November 17, 2019

Not Only Yacht Rock Cruisin’ into Little River Casino

Ambrosia’s smooth pop and more drifting in to Manistee
By Ross Boissoneau | Sept. 7, 2019

When Ambrosia hits the stage at Little River Casino Resort Sept. 14, no doubt fans will want (and get) to hear “How Much I Feel,” “You’re the Biggest Part of Me” and “You’re the Only Woman.” But those pop hits will be balanced by “Nice, Nice, Very Nice,” “Life Beyond LA” and other songs that marry progressive rock, jazz, R&B, and the style of soft, smooth pop that’s been dubbed “yacht rock.”
 
In other words, the group has the soul of a prog band and the hits of a pop group.

“We have our feet in two worlds,” said bassist and vocalist Joe Puerta.

He and guitarist/vocalist David Pack, keyboard player Christopher North, and drummer/vocalist Burleigh Drummond formed the band; today all except Pack are still onboard.
 
That marriage of styles makes sense, given Ambrosia’s antecedents. Formed in southern California in the early ’70s, it was inspired early on by the Beatles and the Beach Boys. Other popular outfits of the late ’60s and early ’70s — the Eagles, Jackson Browne, Crosby Stills & Nash — also influenced the band’s direction and vocal harmonies.
 
Then, a turning point: The members of the group attended a King Crimson concert at Los Angeles’ Whiskey a Go-Go bar on the Sunset Strip.
 
“We walked out and said, ‘We’ve got to change,’” Puerta said. “We started experimenting.”
 
When it was suggested that Ambrosia is one of just a handful of prog/pop bands alongside the likes of Supertramp and the Alan Parsons Project, Puerta noted that Parsons mixed the band’s first album and produced the second — and all of the band members appeared on the first Alan Parsons Project recording.
 
Puerta also mentioned several other artists in the same vein. “Phil Collins, Todd Rundgren, Hall and Oates. Greg Lake solo played Elvis and the Beatles, showing where he evolved from. There’s a little of that in all of us.”
 
The band’s first two albums, Ambrosiaand Somewhere I’ve Never Traveled, were both firmly in the prog camp, with melodic flourishes. By the time of Life Beyond LA, the more experimental elements were left behind in favor of a more lush sound, with R&B and pop taking hold — much to North’s chagrin.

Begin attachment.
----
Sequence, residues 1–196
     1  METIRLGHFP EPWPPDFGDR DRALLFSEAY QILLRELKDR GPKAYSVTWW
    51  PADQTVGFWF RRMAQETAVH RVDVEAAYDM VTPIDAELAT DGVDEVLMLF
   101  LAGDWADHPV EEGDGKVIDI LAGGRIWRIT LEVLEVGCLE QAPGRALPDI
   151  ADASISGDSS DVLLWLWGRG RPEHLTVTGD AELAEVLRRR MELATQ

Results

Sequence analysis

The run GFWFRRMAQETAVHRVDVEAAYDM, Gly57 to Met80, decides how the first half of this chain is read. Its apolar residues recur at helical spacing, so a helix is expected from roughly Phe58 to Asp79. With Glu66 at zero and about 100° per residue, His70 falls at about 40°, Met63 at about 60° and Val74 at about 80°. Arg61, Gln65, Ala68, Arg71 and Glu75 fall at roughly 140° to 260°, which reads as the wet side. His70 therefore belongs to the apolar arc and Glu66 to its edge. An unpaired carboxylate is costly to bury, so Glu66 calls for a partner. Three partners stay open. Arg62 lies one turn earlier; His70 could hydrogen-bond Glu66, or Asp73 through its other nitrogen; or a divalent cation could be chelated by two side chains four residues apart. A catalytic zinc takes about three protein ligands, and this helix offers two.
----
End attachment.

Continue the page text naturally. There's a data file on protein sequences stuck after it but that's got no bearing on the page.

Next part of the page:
He left the group during the recording sessions, though he returned as a touring member and contributed to subsequent recordings. “How Much I Feel” became the band’s first pop hit.
 
The following One Eightywas the band’s biggest seller, with hit singles “You’re the Only Woman” and “You’re the Biggest Part of Me.” But after its next album, Road Island, stalled, the band broke up.
 
In the years following, Pack was frequently absent, producing and performing with other musicians, and eventually left the band permanently. Puerta joined Bruce Hornsby and the Range (Hornsby was briefly a touring member of Ambrosia). Drummond and his wife, keyboard player, vocalist and arranger Mary Harris, a mainstay of Jimmy Buffet’s band, established their own band and their own studio; Puerta built a studio as well.
 
Today Puerta, North, and Drummond are joined as permanent members, along with Harris, Doug Jackson on guitars and backing vocals, and Ken Stacey on lead and backing vocals and guitar. Puerta said their shows balance their deep cuts with the hits, depending on the venue and the tour. I

n package tours, typically their time onstage is limited and the audience is more interested in the pop side. Ironically, one of the band’s frequent touring partners is Little River Band, who served as an opening act for Ambrosia when Little River Band was just getting started. Today the roles are reversed, with Ambrosia as the opener when they tour together.
 
That’s just one of the vagaries of today’s music industry. Though both Puerta and Drummond own and run studios, making a new album is still an expensive proposition — and one that’s relatively pointless without a label and distribution network.
 
“One of the frustrating things is we have a lot of material stored up. The problem is there’s no real interest in it from recording companies. It’s a whole new world from when we grew up,” said Puerta of the music industry. “The primary thing is to make a living touring.
 
“I realize how tough it is for anyone,” he continued. “My studio in Milwaukee mainly caters to local [artists] trying to establish themselves. Life Beyond LAwas dedicated to all the young musicians trying to make it.”
 
So Ambrosia has made it, weathered personal and personnel storms, and today continues performing music the band and its audience enjoy. That includes their own hits as well as “The Way It Is” from Puerta’s time with Hornsby, the Beatles’ “Magical Mystery Tour,” which Ambrosia covered on the cult classic All This And World War II, and maybe a couple other surprises.
 
Showtime for the Sept. 14 performance is 8pm. For tickets and additional information, go to www.lrcr.com.

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